Suffering any head injury may double risk of early death

PHILADELPHIA — Helmets may not be all that fashionable, but new findings from the University of Pennsylvania reinforce just how important it is to always protect one’s head. Scientists report any single head injury appears to be enough to significantly raise the risk of death.

Over the course of a 30 year period, participants who had suffered any head injury displayed two times the rate of mortality than those who did not have a head injury. Even worse, mortality rates among people with either moderate or severe head injuries were close to three times higher.

Head injuries are incredibly common in the USA; over 23 million adults aged 40 or older have a history of head injury accompanied by loss of consciousness. These accidents, of course, can happen for any number of reasons: sports, unintentional falls, or car accidents. Moreover, it’s hardly a secret anymore just how dangerous these injuries can be in both the short and long-term. Research conducted in recent decades has linked head injuries to stroke, dementia, CTE, disability, and late-onset epilepsy.

Other studies have suggested an increased short-term mortality associated with head injuries, but primarily among hospitalized patients. This latest work analyzed 30 years worth of data from over 13,000 community-dwelling subjects (not hospitalized or living in a nursing home). Researchers’ main aim was to determine if head injury has an impact on mortality rates in adults over longer periods of time.

Ultimately, study authors discovered 18.4 percent of studied subjects reported one or more head injuries during the study period, with 12.4 percent of those injuries being moderate or severe. The average length of time between a head injury and death was just under five years (4.7 years).

‘Head injury associated with increased death rates even long-term’

Death from all causes was seen among 64.6 percent of subjects who suffered a head injury, and in 54.6 percent of those without any head injury. Notably, after considering subjects’ characteristics, investigators also found that the mortality rate from all-causes among those with a head injury was 2.21 times greater than the mortality rate among others with no head injury. The mortality rate for people with more severe head injuries was 2.87 times the mortality rate among those with no head incidents.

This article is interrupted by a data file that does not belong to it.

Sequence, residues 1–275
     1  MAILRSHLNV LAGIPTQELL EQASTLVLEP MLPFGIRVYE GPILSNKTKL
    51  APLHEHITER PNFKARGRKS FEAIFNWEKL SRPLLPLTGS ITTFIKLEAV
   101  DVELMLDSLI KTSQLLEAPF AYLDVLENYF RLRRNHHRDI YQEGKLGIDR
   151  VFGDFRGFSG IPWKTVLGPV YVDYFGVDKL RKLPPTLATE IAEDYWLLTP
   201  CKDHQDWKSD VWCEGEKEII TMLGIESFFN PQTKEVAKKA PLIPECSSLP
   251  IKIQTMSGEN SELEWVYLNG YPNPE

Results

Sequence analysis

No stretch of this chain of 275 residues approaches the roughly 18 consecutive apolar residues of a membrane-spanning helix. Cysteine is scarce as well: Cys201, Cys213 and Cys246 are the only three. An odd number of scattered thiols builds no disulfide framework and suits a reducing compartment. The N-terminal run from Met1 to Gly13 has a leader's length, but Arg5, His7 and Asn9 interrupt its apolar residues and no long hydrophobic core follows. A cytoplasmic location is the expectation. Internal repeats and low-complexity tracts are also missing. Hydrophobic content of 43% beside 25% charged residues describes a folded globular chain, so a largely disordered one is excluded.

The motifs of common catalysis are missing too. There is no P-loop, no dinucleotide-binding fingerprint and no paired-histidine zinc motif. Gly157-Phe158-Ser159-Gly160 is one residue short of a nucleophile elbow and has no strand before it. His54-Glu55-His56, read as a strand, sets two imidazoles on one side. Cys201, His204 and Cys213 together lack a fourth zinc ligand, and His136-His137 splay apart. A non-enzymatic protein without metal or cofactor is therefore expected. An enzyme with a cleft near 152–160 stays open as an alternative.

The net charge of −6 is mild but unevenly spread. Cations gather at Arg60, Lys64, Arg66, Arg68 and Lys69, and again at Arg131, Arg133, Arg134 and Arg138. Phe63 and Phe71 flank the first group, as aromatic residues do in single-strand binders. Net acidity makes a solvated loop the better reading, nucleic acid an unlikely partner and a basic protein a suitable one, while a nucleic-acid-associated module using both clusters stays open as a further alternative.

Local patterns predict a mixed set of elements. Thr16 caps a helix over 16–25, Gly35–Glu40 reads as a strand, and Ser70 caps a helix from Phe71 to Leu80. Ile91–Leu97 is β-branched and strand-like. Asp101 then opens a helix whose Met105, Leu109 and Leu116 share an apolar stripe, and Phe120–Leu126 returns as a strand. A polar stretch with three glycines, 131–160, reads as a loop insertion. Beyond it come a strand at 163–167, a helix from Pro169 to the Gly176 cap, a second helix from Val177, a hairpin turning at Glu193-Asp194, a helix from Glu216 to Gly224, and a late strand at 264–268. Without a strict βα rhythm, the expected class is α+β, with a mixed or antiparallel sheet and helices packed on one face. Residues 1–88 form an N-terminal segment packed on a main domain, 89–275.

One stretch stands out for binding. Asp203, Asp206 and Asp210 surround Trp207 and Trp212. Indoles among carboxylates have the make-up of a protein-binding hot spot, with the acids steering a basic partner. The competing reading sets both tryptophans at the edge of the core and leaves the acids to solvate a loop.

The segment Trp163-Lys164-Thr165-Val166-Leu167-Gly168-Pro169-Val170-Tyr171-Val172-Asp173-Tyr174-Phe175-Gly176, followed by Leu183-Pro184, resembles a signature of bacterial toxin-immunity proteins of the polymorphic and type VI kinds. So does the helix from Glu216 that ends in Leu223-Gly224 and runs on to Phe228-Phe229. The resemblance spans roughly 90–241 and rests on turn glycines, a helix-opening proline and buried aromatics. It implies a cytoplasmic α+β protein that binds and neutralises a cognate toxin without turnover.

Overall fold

“Our data reveals that head injury is associated with increased mortality rates even long-term. This is particularly the case for individuals with multiple or severe head injuries,” explains the study’s lead author, Dr. Holly Elser, a neurology resident at Penn, in a media release. “This highlights the importance of safety measures, like wearing helmets and seatbelts, to prevent head injuries.”

The research team was also sure to analyze data pertaining to specific causes of death among subjects. All in all, the most common deaths included cancers, cardiovascular disease, and neurologic disorders (dementia, stroke, epilepsy, etc). Among those with head injuries, deaths were more frequently linked to neurologic disorders and unintentional injury or trauma (falls, for example).

Close to two-thirds of neurologic causes of death were attributed to neurodegenerative diseases, like Alzheimer’s and Parkinson’s disease, among participants with head injury. Those diseases made up a much greater proportion of overall deaths among those with head injury (14.2%) compared to those without (6.6%).

“Study data doesn’t explain why the cause of death in individuals with head injuries is more likely to be from neurodegenerative diseases, which underscores the need for further research into the relationship between these disorders, head injury, and death,” adds Andrea L.C. Schneider, MD, PhD, an assistant professor of Neurology at Penn.

The data used for this project was provided by the Atherosclerosis Risk in Communities (ARIC) Study, an ongoing community-based study of 15,792 participants ages 45 through 65 years old. Participants in the ARIC were recruited from Maryland, Minnesota, Mississippi, and North Carolina.

The study is published in JAMA Neurology. 

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About the Author

John Anderer

Born blue in the face, John has been writing professionally for over a decade and covering the latest scientific research for StudyFinds since 2019. His work has been featured by Business Insider, Eat This Not That!, MSN, Ladders, and Yahoo!

Studies and abstracts can be confusing and awkwardly worded. He prides himself on making such content easy to read, understand, and apply to one’s everyday life.

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